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Brighton University nurses to train Zambian colleagues in paediatrics in bid to save children's lives

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Brighton University has been awarded a £30,000 government grant to help set up the first paediatric nursing course in Zambia.

The under-five mortality rate in the Southern African country is 83 per 1000 – over 16 times that of the UK.

There is currently no-post registration education provision for the care of children in Zambia and the absence of nurses trained in paediatrics has hindered Zambia’s ability to improve child survival.

The university’s project aims to provide nurses with the knowledge, skills and competence to care for sick infants and children admitted to hospital. Some of the teaching will use modern communications.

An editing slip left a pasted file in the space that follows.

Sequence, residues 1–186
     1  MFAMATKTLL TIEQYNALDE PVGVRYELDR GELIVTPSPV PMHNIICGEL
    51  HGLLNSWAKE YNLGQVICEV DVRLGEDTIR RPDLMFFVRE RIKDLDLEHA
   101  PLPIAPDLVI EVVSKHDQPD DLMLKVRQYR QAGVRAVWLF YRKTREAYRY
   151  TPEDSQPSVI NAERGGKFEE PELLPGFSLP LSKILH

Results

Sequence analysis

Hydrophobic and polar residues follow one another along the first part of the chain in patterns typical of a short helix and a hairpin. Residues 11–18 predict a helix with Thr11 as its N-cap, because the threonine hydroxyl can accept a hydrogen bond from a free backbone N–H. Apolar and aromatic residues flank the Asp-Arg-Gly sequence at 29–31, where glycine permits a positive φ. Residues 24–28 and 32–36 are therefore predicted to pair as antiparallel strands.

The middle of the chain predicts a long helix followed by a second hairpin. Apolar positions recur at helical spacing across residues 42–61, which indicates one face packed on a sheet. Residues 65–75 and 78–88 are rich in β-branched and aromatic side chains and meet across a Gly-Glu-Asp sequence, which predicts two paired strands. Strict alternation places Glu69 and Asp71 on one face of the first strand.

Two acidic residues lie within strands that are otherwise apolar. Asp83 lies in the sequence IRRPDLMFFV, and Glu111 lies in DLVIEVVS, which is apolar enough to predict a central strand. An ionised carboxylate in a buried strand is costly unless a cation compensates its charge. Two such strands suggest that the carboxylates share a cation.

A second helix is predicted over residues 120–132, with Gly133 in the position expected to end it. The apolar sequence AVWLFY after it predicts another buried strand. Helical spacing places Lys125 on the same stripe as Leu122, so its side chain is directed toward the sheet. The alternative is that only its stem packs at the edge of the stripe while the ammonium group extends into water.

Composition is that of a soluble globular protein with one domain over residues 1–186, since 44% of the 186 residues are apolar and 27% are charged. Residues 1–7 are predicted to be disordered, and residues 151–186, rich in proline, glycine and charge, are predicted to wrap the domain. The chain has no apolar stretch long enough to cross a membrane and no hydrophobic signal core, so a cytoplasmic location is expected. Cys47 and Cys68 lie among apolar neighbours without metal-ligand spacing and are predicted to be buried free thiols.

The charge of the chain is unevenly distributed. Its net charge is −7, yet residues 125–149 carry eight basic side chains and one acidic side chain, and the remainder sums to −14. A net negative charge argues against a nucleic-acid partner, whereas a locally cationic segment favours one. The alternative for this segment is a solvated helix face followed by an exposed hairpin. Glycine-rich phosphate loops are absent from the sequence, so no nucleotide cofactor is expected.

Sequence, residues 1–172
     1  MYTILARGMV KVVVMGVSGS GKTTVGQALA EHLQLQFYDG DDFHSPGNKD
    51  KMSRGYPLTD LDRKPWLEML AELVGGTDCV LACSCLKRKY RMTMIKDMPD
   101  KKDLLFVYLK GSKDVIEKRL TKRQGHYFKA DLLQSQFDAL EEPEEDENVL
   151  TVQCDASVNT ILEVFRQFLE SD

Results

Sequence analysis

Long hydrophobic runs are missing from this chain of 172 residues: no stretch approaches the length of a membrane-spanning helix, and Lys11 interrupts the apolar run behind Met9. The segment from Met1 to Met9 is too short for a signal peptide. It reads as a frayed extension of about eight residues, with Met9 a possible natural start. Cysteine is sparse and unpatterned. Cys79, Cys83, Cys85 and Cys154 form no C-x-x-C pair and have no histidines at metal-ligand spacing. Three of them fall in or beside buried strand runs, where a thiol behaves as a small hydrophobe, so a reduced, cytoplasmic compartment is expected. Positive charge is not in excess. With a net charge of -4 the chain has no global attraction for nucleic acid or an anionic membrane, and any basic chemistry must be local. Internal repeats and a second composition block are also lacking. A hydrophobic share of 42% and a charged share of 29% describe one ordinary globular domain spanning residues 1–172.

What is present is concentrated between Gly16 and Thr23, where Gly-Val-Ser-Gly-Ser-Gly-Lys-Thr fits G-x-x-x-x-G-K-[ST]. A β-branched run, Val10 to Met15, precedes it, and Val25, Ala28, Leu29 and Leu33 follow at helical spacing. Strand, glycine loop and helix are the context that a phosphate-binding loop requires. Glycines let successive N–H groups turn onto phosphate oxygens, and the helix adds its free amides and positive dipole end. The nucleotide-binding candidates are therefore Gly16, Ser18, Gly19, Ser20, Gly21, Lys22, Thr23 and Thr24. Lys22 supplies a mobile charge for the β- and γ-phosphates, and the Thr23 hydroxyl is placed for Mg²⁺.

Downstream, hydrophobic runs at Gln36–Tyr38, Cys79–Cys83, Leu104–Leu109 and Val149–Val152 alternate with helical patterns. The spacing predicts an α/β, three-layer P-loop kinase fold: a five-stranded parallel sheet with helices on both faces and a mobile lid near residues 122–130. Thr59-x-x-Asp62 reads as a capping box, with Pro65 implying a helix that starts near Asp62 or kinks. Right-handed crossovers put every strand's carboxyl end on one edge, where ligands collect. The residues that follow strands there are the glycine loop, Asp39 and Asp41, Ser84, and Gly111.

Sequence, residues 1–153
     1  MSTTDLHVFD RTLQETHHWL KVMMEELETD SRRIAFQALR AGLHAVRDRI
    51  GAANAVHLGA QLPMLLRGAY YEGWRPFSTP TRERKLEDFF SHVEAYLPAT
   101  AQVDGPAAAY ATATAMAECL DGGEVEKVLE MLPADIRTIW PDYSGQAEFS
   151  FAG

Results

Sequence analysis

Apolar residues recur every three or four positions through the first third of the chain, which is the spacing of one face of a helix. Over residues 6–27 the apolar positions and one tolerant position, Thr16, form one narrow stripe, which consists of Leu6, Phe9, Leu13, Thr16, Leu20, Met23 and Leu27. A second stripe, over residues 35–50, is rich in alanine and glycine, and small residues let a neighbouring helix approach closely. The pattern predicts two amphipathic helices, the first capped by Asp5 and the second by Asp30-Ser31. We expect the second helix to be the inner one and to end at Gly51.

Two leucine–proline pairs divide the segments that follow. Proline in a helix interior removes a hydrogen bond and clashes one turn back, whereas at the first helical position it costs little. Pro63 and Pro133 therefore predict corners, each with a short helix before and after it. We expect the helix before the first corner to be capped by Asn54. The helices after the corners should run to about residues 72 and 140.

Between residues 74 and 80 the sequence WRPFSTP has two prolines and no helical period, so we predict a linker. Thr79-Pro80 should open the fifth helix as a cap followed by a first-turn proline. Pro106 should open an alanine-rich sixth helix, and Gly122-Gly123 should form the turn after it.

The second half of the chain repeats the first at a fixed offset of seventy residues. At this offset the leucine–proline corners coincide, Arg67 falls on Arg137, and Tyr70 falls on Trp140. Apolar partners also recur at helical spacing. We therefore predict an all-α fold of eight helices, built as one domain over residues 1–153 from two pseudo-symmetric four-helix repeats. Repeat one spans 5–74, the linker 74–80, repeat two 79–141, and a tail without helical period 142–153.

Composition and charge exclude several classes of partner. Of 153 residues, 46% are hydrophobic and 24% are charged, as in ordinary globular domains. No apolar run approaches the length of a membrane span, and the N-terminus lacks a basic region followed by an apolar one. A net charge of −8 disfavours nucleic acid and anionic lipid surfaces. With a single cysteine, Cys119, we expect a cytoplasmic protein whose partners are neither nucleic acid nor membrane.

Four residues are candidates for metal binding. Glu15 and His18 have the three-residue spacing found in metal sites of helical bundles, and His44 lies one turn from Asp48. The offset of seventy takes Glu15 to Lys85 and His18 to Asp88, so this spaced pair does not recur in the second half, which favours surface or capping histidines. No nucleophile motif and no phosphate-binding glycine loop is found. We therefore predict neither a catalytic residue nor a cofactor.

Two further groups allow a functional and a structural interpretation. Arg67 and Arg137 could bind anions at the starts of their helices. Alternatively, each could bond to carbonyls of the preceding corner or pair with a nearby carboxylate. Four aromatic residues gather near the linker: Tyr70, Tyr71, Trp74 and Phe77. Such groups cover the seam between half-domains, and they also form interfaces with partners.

Jill Durrant, child health senior lecturer and project lead in Brighton’s school of nursing and midwifery, said: “Using email and Skype will enable the students to share reflections on clinical practice and this will also extend to nursing lecturers as well.

“The nursing students in Zambia are eager to learn and the project will enable them to buddy up with students here in the UK.”

The university will be working with the Lusaka School of Nursing and the Brighton-Lusaka Health Charity Link.

Eric Chisupa, principal lecturer at Lusaka Schools of Nursing (paediatrics), said:  “For so many years our children in Zambia have been managed by general nurses and midwives, and this has, in some cases, resulted in them not receiving the best care.

“With the coming of the paediatric course we are certain that the children will benefit, and we all know that eventually the country will benefit too. The infant mortality rate will reduce.”

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